Thursday, January 3, 2013

The Liquor of Indolence

Flute Notes from a Reedy Pond

Now coldness comes sifting down, layer after layer,
To our bower at the lily root.
Overhead the old umbrellas of summer
Wither like pithless hands. There is little shelter.

Hourly the eye of the sky enlarges its blank
Dominion. The stars are no nearer.
Already frog-mouth and fish-mouth drink
The liquor of indolence, and all thing sink

Into a soft caul of forgetfulness.
The fugitive colors die.
Caddis worms drowse in their silk cases,
The lamp-headed nymphs are nodding to sleep like statues.

Puppets, loosed from the strings of the puppetmaster
Wear masks of horn to bed.
This is not death, it is something safer.
The wingy myths won't tug at us anymore:

The molts are tongueless that sang from above the water
Of golgotha at the tip of a reed,
And how a god flimsy as a baby's finger
Shall unhusk himself and steer into the air.

--Sylvia Plath

Oh, to drink the liquor of indolence! I do love it just a little bit this time of year.  On the other side of the bright silver coin is industry, and that appeals, too.  Can't I have both?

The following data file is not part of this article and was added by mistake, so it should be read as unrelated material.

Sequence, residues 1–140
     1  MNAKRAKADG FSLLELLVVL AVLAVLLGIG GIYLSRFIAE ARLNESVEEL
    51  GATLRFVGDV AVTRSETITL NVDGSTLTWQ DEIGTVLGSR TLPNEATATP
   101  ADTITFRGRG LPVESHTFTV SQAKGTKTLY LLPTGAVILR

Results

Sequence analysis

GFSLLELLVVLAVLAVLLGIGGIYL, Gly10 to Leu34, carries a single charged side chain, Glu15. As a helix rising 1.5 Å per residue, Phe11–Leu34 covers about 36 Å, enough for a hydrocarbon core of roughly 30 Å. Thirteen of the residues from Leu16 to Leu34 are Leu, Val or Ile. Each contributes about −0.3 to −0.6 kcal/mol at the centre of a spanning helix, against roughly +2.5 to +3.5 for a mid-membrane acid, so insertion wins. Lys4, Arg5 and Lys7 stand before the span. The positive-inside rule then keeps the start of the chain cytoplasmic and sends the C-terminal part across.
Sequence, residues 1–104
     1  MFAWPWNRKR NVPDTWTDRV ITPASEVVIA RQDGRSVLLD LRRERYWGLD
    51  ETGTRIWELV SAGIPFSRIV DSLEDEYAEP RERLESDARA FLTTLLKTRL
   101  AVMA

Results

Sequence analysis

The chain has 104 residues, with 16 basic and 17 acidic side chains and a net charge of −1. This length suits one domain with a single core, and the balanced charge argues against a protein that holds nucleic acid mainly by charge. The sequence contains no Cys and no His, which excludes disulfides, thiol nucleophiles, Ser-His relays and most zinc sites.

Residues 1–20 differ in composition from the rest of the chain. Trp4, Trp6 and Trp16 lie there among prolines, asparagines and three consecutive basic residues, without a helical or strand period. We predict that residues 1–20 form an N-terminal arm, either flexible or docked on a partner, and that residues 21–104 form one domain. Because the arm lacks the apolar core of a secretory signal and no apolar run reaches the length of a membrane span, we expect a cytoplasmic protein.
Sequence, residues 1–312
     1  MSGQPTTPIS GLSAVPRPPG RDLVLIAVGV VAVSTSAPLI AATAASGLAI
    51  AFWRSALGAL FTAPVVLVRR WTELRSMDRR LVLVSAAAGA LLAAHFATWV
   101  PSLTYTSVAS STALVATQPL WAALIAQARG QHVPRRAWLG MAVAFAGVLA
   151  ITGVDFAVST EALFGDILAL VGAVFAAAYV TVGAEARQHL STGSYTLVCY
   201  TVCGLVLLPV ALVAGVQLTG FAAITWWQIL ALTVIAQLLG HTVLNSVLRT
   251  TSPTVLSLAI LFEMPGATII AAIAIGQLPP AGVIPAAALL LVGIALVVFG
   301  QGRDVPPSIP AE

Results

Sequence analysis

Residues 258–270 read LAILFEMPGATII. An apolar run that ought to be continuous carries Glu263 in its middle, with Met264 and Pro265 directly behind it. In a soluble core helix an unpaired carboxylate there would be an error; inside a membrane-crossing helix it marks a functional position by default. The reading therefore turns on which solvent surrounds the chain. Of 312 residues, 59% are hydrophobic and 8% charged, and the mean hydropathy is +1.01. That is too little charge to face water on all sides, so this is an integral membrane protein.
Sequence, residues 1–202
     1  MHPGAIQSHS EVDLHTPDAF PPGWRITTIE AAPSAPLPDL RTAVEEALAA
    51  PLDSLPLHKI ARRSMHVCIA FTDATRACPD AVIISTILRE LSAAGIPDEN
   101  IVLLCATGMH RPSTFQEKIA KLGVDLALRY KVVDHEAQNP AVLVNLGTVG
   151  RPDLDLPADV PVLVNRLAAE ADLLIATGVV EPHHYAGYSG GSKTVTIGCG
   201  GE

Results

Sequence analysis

Driving to work today, the sky was cobalt and a bright star (or planet?) hung low on the eastern horizon, right over the Cascades.  26 degrees.  Frosty roads, trees, fields.  Walking in from the parking lot, everything sparkled with a cold glitter.  I ran my finger over a frosted rail and it felt like sandpaper, pleasing me.  Looking out my office window now, the evergreen rhodies' leaves droop down, the buds topping each segment pointing straight up, like gold stars on Christmas trees.  And the sky now a clear aqua, frost becoming droplets of cold water wherever the sun touches. 

 I love the boreal beauty of this sky's blank dominion.


  1. Dig how visual and tactile this is.

  2. Mary Wortly Montague said: "People earnestly seek what they do not want while they neglect the real blessings in their possession; I mean the innocent gratification of the senses, which is all we can properly call our own."